This serves six easily.

You need three to four pounds of clean and skinned freshwater eel for this recipe. Begin by cutting the eel(s) into even-sized portions of around two inches in length. Season them lightly. Make a stock from the eel heads and skin as well as the flat part of the tails: Place the trimmings in a pan and cover them with half-water, half-cider (use good dry cider). Bring to a boil and then cover and summer for twenty minutes.

Arrange the eel pieces in a shallow pan and pour over enough hot stock to barely cover the eels. Poach the eels for around fifteen minutes, until the eel meat starts to come away from the bones. Don’t let the stock come to a proper boil though – steady poaching is the key, and it may take longer with thicker eels. When cooked, remove the eel pieces and arrange them on a serving dish, cover them with cling film and keep them warm.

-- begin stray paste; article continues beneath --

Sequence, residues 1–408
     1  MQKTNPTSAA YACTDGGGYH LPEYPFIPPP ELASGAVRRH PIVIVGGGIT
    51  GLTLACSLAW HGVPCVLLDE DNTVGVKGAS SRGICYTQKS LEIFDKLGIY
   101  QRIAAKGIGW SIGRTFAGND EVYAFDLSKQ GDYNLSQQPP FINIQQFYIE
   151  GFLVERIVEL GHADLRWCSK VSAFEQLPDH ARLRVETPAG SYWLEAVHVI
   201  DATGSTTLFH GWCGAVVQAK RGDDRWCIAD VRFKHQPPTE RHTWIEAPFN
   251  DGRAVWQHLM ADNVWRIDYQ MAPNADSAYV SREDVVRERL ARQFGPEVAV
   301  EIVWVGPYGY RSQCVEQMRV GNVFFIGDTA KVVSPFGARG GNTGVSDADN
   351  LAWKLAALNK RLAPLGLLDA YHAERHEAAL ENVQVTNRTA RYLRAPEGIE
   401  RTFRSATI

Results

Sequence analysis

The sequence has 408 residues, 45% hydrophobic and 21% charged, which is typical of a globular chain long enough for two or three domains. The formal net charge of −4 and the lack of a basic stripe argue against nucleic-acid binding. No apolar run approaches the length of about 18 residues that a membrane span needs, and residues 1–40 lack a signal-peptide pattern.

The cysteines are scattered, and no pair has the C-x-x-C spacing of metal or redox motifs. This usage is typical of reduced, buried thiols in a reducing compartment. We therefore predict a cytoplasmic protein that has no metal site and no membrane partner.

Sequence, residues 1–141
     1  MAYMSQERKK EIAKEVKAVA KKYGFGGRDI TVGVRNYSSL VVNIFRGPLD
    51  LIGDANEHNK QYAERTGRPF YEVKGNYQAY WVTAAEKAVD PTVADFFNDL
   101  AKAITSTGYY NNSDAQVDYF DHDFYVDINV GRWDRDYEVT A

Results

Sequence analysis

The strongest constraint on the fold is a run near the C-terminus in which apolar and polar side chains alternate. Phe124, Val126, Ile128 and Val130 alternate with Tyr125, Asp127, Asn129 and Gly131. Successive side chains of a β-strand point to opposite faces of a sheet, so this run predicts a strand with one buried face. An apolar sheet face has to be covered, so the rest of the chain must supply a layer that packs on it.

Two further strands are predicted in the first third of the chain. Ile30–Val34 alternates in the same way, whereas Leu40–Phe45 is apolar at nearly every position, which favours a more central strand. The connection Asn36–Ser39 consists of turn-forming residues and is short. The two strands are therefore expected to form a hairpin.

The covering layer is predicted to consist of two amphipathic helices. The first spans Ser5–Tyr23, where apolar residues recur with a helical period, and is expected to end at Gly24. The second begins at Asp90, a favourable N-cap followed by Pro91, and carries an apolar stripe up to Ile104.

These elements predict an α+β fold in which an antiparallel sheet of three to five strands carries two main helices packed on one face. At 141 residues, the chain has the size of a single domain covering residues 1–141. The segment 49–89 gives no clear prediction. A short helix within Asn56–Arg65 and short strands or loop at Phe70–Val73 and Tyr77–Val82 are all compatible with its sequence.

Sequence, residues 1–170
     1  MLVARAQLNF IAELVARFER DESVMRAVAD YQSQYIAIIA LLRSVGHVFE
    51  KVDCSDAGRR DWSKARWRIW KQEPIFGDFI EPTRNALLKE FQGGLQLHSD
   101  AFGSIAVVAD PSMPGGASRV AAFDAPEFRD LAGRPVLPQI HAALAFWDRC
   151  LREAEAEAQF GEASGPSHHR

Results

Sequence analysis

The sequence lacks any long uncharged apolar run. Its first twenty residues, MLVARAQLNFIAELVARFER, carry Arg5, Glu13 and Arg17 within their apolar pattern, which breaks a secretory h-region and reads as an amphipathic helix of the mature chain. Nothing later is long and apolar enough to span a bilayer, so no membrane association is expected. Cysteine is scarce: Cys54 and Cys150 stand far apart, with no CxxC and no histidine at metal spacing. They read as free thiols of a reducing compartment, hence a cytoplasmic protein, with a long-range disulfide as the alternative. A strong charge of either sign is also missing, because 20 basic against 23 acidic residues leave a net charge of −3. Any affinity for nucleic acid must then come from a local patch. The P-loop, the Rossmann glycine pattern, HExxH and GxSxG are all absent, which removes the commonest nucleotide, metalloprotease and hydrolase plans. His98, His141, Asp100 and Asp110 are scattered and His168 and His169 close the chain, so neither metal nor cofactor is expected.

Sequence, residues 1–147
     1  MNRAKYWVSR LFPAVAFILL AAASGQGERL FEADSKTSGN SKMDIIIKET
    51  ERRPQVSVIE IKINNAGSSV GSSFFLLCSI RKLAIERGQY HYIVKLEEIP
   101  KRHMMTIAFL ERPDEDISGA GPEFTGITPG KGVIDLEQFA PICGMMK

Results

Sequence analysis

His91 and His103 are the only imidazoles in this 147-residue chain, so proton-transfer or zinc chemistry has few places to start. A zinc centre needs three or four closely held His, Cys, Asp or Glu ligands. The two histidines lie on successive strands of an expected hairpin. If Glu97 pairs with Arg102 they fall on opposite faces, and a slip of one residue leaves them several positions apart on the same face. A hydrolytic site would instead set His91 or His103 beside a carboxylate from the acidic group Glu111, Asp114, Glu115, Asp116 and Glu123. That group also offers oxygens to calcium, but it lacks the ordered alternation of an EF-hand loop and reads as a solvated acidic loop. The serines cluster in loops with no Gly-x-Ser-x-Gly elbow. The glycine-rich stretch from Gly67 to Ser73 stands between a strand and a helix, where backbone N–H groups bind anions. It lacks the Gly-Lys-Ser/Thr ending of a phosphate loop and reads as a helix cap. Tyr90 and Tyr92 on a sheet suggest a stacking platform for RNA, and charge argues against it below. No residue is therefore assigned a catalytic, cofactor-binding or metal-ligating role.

Now make the sauce by boiling down the cooking liquor until it tastes strongly and then add ¼ pint (i.e. a 150 ml pot) of clotted, Jersey or double cream and four tablespoons of chopped parsley. Season again if required. Pour the sauce over the eel and serve. She suggests serving this stew with toast or fried bread. As fried bread had already featured in the last two courses, I went for toast. I also served some broccoli too.

#197 Sedgemoor Eel Stew. This was really good; the sauce was both sharp and creamy due to the cider and fresh with grassy parsley. The flavours were robust, but not too strong to mask the eel itself. It was very delicate in flavour; you could tell that they had come from a very good river as it tasted of fresh springwater. It stayed beautifully moist due to the gelatinous nature of it too. Much superior to salmon or trout, I think. Now that people don’t eat eel, I feel I have found a real hidden gem. I just have to go through the rigmarole of killing and cleaning them! At least I can say that this was the freshest fish I've ever had! 8.5/10